BLOG: The largest ‘hum bow’ in Washington state? — It’s found in Pike Place Market

By Assunta Ng

Jack Fong, owner of Mee Sum Pastries. (Photo by George Liu/NWAW)

Pike Place Market, rated as the most popular farmers market in the United States, has numerous European bakeries, but only one Chinese bakery. Mee Sum Pastry is a success at the market. Its décor, which hasn’t changed much in 31 years, is like a traditional bakery in old Chinatown, yet its pastries are surprisingly different and appealing. Frequently, it has lines of hungry customers waiting to buy what is possibly considered the biggest hum bow in Washington state.

Mee Sum (means beautiful heart) Pastry, located at 1526 Pike Place Market, never claims its hum bow to be the biggest in size. I say it is because I haven’t seen hum bow in any of Washington’s Chinese restaurants bigger than Mee Sum’s. Many of their customers are local folks, not tourists. They know exactly what they want.

Hum bow fresh from the oven to hungry customers. (Photo by George Liu/NWAW)

What I discovered about Mee Sum is its efficiency. The tiny bakery, with about 325 sq. ft. of space and six workers making the pastries on site, specializes in a variety of hum bow. You can see them working from the counter. From rolling the dough to laying them on the baking pans, they produce more than 1,000 buns a day. These amazing workers make delicious hum bow, served fresh out of the oven.

When comes to hum bow, I am picky — less dough and plenty of ingredients inside. The skin should be thin enough to hold the filling — the less starch, the better. I hate eating a big splash of starch and little goodies.

After one bite of Mee Sum’s hum bow skin and dough, I realized its bread is one of a kind. I have never eaten hum bow with that kind of bun. It has a crispy surface, with a slightly chewy texture on its inner layer and mouth-watering shredded barbecue pork with onions inside. Each one is baked just right.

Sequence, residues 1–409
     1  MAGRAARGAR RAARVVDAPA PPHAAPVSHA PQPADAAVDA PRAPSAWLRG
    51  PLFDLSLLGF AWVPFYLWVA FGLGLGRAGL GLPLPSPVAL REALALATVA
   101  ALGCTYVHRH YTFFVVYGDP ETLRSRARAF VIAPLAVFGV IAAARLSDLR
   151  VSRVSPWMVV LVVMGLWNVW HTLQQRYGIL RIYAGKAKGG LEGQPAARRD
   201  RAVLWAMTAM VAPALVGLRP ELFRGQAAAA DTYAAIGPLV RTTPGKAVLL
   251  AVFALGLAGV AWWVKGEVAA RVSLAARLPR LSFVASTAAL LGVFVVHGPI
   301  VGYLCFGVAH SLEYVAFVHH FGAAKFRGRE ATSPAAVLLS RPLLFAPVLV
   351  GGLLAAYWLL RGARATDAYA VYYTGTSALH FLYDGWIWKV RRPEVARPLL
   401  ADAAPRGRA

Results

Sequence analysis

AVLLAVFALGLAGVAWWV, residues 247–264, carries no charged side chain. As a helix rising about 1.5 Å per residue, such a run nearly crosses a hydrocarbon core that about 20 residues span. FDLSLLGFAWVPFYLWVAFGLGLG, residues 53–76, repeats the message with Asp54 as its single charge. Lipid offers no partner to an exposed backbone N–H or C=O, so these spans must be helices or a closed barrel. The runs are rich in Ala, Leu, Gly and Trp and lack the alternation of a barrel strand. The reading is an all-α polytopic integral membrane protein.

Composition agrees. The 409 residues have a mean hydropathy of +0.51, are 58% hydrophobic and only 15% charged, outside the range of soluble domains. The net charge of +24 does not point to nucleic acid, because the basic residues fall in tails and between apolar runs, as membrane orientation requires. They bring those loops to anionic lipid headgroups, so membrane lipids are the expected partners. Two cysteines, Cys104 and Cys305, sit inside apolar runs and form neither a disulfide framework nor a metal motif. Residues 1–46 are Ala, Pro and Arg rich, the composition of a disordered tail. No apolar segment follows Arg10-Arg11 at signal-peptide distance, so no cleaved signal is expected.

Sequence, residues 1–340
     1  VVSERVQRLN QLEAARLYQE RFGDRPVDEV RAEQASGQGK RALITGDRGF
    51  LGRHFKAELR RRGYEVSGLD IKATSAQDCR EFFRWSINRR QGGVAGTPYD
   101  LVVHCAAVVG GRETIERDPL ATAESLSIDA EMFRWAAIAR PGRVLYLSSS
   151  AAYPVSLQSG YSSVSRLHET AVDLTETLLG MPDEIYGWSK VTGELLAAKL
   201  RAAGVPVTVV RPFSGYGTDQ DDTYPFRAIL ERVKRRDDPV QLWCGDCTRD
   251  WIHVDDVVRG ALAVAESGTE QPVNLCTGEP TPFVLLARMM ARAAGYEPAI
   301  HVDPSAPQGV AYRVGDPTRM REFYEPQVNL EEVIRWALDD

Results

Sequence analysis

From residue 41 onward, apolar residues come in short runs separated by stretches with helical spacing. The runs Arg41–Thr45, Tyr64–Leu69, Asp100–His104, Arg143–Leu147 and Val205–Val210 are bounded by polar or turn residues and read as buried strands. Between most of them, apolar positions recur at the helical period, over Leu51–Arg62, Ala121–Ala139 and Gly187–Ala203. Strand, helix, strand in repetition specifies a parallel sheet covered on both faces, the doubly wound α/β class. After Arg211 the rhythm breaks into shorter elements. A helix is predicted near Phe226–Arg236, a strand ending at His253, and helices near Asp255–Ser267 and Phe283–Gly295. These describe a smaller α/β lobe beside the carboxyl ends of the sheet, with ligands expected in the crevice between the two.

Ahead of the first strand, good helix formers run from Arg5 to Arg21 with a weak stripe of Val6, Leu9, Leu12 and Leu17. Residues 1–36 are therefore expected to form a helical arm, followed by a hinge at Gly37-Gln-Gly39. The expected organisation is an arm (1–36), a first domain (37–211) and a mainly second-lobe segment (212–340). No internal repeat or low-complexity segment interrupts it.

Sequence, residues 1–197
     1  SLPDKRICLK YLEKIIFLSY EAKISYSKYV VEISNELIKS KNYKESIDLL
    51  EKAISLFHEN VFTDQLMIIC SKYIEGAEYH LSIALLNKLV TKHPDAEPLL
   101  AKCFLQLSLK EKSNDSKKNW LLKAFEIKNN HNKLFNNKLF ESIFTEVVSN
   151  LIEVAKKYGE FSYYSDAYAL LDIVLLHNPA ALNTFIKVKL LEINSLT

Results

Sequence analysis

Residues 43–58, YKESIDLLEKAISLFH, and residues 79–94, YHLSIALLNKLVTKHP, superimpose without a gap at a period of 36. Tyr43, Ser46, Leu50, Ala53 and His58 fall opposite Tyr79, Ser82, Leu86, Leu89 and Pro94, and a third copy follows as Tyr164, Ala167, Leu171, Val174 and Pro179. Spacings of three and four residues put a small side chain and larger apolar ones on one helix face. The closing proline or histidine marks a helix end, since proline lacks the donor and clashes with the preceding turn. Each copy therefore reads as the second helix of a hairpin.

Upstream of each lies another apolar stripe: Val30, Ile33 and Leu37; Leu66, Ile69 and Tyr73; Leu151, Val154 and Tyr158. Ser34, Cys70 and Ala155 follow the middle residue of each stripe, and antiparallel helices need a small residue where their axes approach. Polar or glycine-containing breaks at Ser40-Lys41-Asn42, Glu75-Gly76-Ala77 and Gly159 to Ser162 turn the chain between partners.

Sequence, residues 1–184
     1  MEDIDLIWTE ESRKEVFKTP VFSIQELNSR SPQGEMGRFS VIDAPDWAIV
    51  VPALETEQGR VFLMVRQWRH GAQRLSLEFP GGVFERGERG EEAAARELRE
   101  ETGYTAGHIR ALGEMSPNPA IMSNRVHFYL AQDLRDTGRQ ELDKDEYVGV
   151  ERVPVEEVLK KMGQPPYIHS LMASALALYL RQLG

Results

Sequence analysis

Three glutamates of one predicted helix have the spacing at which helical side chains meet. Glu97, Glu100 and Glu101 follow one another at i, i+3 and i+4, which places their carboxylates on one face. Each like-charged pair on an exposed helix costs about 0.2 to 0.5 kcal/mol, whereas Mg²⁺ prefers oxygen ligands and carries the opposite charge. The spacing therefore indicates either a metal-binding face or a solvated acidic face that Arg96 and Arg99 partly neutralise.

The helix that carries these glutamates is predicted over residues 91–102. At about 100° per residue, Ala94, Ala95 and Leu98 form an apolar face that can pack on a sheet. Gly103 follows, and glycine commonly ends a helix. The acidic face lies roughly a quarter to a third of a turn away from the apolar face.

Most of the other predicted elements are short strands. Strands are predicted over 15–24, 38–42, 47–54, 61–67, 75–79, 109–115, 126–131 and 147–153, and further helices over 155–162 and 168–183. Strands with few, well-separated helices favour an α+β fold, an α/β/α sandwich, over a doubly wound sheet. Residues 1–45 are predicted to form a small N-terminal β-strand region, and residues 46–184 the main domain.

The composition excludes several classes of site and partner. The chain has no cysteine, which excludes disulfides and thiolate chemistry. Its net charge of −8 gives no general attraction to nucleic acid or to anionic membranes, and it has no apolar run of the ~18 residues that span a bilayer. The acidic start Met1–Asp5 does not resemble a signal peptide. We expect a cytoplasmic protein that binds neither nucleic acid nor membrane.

You can have chicken-baked hum bow, with mushrooms, celery, and other kinds of spices, just like the baked Chinese chicken pie. You can also ask for baked curried beef hum bow, which is a bit spicy, with beef cut into small pieces. You can choose a hot dog bun, too.

If you like to have it steamed instead of baked, you have that choice. I prefer the baked ones with chicken and pork.

Sherman Su loves the Mee Sum bun. He said whenever he has a chance to walk to the market, the first thing he does is buy the BBQ pork steamed hum bow.

If you go to Yelp, you’ll find that Mee Sum’s hum bow is rated four stars, and also the No. 1 place for hum bow in Seattle. Some Yelp eaters said one Mee Sum hum bow is enough for lunch, for under $5. For me, a small eater, one Mee Sum hum bow can last me the whole day. My trick is to buy two and share them with my family as snacks.

As you can see, non-Chinese eaters think that Mee Sum is reasonably priced, whereas Chinese consumers might consider it too pricy for this town. For $2.52, it is three times the size of any Chinatown hum bow, which sell for 60 cents to 80 cents each. I still think Mee Sum’s is worth that much.

Jack Fong and his wife, Melissa, owners of Mee Sum for 31 years in Pike Place Market, said his father-in-law gave him a secret formula for hum bow. It is a fusion of Chinese hum bow and Western bakery methods. No wonder the skin of his hum bow tastes so good. His in-laws used to work for Louie’s and other Chinese restaurants decades ago.

Fong also owns the Pike Place Chinese Restaurant across the street at the market. Between the restaurant and bakery, Fong runs around between two businesses.

You won’t find a second Mee Sum at the market. Pike Place Market management likes to diversify its shops. All Pike’s bakeries differ in their niches, so they don’t compete with each other.

For Mee Sum’s special place and role in the market, it will remain strong and foster a unique culinary culture in Seattle. (end)

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